As promised here is my two weeks of profound wisdom on being an introverted parent who recently discovered herself raising two very extroverted children. First, I have researched every morsel out of this topic, as I do with any new information that dumps itself into my existence, and I became fixated on it, proceeding to explore all of the in’s and out’s until I considered myself to be a self – professed expert on the subject at hand. Notice I said, “I consider myself” absolutely not one other soul in the universe may buy into my perceived intellect, but that’s ok, we all need a little more self – confidence occasionally, take it or leave it.
Here are 5 techniques that I have found to be effective over the past few days as I navigate through this new terrain of extroverted personalities. Some of these have been suggestions from blogs written by other introverted parents living with either an extroverted child or an extroverted spouse, some are from certified research on introverted versus extroverted personalities, and some of them are ideas that made sense to me so I tried them.
1. Setup for idea number one – It drives me crazy that Josh and Jada will have absolutely nothing to tell me for two hours prior to my decision to workout but as soon as my legs hit our treadmill, with ear plugs jammed into my ears blaring some Bon Jovi craziness, three year old Jada has an urgent 30 minute story to tell me. I have desperately missed my gym in Michigan and the daycare that it provided. My solution – the next time I worked out I did something deeply profound. I sat down with her and explained that when mommy is working out, she needs to either tell Josh, or puppy or kitty, or naked Barbie her stories or wait until mommy is done working out but she is not to tell mommy stories while mommy is on the treadmill. However, mommy would be more than happy to listen to her story once mommy is off the treadmill. No arguments, just a blank stare with a smirky look telling me she totally understood what I was saying. I have worked out twice, in her presence, since this conversation has taken place, and she has not uttered one peep to me while I am on the treadmill. The second I’m off is a different story (literally) all together, but I have that half hour to decompress when I need it.
2. Ryan and I initiated a very entertaining, lighthearted dinner time conversation about extroverts and introverts and how these personalities can be very different from one another. We led if off by asking if anyone had heard of these terms (Caleb had since he had been around when I was researching it) so he was very eager to contribute his vast amount of information on the subject, (he’s a little bit like his mom). Everyone knew exactly which one they were (except Josh and Jada) and they all got a big kick out of comparing the differences seen in the personalities. We then discussed ways that we could help each other as a family. For instance, “Caleb wants more sleep than you do Tate because he’s very introverted, so if you want to stay up and read books in the media center, you may, but your bedroom is going to be for sleeping and it needs to be a quiet environment for those who want to sleep.” Knowledge is power.
3. I’ve always prided myself on being a mom who does NOT resort to watching videos in the car other than on long car rides. My tune has recently changed. I have discovered, quite by accident, that when my extroverted children are watching a video, like Little Mermaid for example, it gives me some peace and quiet. Don’t judge, I have seven children…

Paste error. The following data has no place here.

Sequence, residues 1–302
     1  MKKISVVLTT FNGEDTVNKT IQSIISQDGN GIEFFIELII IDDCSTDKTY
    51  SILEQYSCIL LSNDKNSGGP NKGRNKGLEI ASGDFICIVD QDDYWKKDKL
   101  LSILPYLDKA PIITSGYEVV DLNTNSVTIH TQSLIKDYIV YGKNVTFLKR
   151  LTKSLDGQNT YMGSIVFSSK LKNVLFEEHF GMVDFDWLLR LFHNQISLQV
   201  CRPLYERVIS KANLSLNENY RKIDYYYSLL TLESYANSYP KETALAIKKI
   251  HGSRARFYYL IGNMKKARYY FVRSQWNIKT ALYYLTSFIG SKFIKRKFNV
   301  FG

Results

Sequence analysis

4. I’ve made the effort to converse with all of my children on a daily basis. The easiest way I’ve found to make this happen is through our car rides home from school. I have all day to wrap my mind around the fact that I will be in a car for 30 minutes with 4 children at 2:30 in the afternoon each day. My introverted self has made peace with this, it’s not always easy, but I choose to immerse myself in the onslaught, recognizing the amount of energy it will take from me, engage them, humor them, enjoy them, one by one, on these rides home. I’ve found that if I don’t monitor the one on one (in other words, Caleb, “Tell me about your day” Mya, “Tell me about your day” the extrovert (Tate) will happily hijack each and every conversation leaving his introverted siblings speechless. The introverted ones don’t necessarily mind this, being introverted, but that doesn’t allow me a glimpse into their lives if their brother is always willing to conversationally step up to the plate for them.
5. Acceptance and lots of prayers for patience, pure and simple. My life will not always be this crazy, my weeks are admittedly pretty easy with all of the kids in school, and I don’t work outside the home so I really have quite a few quiet moments. I have chosen to wrap my mind around the fact that the weekends will be a little (a lot) crazier and have taken measures to escape that overwhelming feeling that comes occasionally by embarking on long trips to the library or the grocery store with just a child or two or three.
Just keep livin!!
2 thoughts on “Little Mermaid and Prayer – Coping Methods for Peace”
I like staying in too,might be an age thing .I had to go .go go for many years and it is a welcome change .What being an extro means to me is doing and saying with in reason whatever you want to without hurting others intentionally.Its all about your own self image and are you happy in your own skin.And when it comes down to it saying SOMETIMES I dont care what so and so really thinks I like me.alot of freedom in it.
I have a friend who’s doctor encouraged her to let the children watch videos in the car. If it brings you 10 minutes of peace it is well worth it. Your mental health is much more important than not giving yourself peace (or what I like to call HerFirst time).